At Shubbak Festival 2015: The Rise of Arabic Literature in English?

If you’re in London, or can get there, synchronize your calendar with these events — revealed yesterday — which are running July 11-25 in the city’s largest biennial festival of contemporary Arab culture:

shubbakThe Shubbak Festival, founded in 2011, ran again in 2013, and will see its third iteration this summer. Two years ago, festival organizers say, Shubbak “presented over 55 events, spread across 42 venues, attracting an audience of over 50,000 people.”

This year aims to be even bigger, with more than 60 events spread out across London over the course of the two-week festival.

Literary events range widely, with high-profile novelists (a few: Samar Yazbek, Sinan Antoon, Ahmed Saadawi, Atef Abu Saif, Ali al-Muqri, and the two headliners, Hoda Barakat and Elias Khoury), poets like Antoon, Choman Hardi, Mourid Barghouti, Ghareeb Iskander, as well as scholars, translators, and others.

There will also be a range of genres. The festival will host a discussion of Arabic science fiction similar to those showcased at LonCon 3 and the 2013 and 2014 Nour Festivals, as well as a children’s-literature workshop, a talk on experimental forms, and engagements with graphic novelling.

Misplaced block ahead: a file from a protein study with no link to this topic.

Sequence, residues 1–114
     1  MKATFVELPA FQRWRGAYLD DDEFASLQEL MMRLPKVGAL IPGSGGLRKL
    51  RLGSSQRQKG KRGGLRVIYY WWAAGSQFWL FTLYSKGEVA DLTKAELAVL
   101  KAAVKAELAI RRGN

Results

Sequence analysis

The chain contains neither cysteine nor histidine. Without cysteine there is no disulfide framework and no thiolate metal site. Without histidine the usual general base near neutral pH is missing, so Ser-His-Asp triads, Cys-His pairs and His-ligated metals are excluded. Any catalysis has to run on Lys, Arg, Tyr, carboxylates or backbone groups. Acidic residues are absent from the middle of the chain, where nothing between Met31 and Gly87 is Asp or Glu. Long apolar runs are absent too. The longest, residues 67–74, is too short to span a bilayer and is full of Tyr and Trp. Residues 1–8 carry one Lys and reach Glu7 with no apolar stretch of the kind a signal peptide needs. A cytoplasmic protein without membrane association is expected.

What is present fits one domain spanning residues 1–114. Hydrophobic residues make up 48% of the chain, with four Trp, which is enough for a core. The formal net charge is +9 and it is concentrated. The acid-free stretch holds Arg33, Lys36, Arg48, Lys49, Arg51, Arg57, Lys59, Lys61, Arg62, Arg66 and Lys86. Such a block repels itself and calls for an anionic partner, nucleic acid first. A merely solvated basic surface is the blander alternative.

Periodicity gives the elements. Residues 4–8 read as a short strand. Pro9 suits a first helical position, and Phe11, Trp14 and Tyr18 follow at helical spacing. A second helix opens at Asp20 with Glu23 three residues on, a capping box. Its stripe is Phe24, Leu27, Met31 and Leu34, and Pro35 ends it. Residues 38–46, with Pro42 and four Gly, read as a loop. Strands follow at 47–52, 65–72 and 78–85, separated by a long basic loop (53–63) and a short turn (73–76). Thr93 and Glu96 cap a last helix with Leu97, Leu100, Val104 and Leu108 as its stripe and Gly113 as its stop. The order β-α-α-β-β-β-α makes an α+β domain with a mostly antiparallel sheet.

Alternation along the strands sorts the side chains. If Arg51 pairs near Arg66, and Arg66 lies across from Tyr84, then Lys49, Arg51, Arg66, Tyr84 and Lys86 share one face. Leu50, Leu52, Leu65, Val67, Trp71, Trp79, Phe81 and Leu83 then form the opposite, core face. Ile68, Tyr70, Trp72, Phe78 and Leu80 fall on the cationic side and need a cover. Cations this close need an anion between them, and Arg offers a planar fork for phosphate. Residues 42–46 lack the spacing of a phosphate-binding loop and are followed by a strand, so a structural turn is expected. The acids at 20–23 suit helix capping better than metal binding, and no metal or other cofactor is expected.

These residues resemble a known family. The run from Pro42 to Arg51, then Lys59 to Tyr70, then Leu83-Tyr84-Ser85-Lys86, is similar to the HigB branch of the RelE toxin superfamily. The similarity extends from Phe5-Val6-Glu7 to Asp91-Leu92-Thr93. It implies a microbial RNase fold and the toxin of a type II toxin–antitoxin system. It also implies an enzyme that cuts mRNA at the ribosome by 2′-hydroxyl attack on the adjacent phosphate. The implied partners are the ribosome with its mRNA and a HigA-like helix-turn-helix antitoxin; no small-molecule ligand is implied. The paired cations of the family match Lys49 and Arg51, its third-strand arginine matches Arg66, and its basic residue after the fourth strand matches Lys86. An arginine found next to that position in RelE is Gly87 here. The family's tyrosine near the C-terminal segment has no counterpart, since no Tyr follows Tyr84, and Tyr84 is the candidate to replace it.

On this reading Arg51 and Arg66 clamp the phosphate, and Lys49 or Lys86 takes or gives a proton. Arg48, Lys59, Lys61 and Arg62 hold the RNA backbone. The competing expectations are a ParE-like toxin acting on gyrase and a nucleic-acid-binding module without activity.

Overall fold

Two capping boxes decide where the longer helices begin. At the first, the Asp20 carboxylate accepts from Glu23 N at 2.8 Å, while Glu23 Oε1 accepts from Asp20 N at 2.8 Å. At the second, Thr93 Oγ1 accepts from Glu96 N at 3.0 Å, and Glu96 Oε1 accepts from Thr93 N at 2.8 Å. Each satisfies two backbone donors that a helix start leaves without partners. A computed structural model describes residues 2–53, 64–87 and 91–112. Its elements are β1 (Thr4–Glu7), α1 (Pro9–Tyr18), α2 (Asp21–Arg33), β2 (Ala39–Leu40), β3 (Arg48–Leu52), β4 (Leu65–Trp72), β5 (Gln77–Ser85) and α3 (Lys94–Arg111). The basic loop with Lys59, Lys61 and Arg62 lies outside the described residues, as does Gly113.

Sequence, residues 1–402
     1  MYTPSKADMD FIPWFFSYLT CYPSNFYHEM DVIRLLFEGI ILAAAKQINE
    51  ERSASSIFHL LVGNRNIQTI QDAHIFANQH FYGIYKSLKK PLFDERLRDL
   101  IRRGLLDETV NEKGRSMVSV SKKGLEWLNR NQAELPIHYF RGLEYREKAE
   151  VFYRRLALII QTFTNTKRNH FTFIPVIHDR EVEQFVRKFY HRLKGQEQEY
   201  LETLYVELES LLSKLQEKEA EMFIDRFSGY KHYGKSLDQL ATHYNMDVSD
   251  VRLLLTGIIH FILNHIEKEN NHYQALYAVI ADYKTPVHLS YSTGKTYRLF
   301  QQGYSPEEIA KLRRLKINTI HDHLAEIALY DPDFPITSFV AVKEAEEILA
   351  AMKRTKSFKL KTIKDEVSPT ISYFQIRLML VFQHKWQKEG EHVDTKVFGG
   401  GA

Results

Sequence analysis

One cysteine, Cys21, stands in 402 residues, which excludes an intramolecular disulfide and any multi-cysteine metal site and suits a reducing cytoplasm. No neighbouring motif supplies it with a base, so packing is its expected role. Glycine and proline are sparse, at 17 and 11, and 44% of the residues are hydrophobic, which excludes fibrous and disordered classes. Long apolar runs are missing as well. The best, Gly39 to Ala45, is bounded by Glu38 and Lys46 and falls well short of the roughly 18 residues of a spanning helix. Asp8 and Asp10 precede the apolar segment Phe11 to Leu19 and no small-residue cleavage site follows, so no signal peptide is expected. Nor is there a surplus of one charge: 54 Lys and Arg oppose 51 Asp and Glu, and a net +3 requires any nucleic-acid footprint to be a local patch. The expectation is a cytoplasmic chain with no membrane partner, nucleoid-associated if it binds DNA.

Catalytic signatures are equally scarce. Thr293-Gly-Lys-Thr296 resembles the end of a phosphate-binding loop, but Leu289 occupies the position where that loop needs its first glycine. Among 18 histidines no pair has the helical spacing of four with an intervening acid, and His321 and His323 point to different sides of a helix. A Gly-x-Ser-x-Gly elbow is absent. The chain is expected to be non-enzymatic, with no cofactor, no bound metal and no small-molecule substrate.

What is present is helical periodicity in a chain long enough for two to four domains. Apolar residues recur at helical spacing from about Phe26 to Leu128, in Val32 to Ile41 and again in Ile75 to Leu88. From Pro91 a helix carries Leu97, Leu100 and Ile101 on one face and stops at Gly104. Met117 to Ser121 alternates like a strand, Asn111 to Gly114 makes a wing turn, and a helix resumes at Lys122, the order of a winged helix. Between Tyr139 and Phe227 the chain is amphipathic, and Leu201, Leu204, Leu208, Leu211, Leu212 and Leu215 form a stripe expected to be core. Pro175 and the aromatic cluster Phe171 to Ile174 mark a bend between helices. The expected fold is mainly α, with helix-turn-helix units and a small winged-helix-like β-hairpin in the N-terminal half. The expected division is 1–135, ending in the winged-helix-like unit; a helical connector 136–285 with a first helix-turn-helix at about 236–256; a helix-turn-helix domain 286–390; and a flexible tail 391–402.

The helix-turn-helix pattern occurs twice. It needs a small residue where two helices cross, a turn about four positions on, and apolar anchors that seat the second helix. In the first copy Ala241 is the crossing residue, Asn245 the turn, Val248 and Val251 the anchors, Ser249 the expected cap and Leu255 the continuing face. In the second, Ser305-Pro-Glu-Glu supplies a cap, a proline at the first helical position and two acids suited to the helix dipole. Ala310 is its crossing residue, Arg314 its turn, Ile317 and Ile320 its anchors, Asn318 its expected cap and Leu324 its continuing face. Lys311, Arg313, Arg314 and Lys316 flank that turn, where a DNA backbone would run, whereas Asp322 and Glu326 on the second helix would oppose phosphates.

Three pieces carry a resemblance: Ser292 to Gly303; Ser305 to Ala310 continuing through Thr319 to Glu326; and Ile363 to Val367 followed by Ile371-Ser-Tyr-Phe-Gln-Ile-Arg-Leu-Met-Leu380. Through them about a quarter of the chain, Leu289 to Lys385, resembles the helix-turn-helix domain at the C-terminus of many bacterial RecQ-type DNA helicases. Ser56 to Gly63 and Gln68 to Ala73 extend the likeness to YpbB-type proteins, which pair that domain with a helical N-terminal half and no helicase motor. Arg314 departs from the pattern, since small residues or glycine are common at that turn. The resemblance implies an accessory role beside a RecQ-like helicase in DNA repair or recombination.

If you’re over 12, you certainly won’t want to miss out on a workshop with Lebanese artist Lena Merhej, author of Another Year and Yogurt and Jam, or How My Mom Became Lebanese, where you can experiment with making a bilingual comic.

There is also an event called “The Rise of Arabic Literature in English?“, with its skeptical question mark, at which I will be speaking. Indeed, there are five of us, and it’s not clear how everyone will get a word in.

In any case, if you can make it, you should. To properly synchronize your calendar, see the whole listing of this year’s events at